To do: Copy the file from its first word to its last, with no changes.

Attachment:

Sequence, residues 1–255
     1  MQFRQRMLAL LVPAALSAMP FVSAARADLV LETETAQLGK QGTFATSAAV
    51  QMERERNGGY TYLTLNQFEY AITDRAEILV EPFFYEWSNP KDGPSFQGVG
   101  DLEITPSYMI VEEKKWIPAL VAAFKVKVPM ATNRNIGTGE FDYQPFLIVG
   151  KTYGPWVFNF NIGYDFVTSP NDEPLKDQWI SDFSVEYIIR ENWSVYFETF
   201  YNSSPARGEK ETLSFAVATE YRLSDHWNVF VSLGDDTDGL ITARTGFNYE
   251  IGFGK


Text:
Sequence, residues 1–255
     1  MQFRQRMLAL LVPAALSAMP FVSAARADLV LETETAQLGK QGTFATSAAV
    51  QMERERNGGY TYLTLNQFEY AITDRAEILV EPFFYEWSNP KDGPSFQGVG
   101  DLEITPSYMI VEEKKWIPAL VAAFKVKVPM ATNRNIGTGE FDYQPFLIVG
   151  KTYGPWVFNF NIGYDFVTSP NDEPLKDQWI SDFSVEYIIR ENWSVYFETF
   201  YNSSPARGEK ETLSFAVATE YRLSDHWNVF VSLGDDTDGL ITARTGFNYE
   251  IGFGK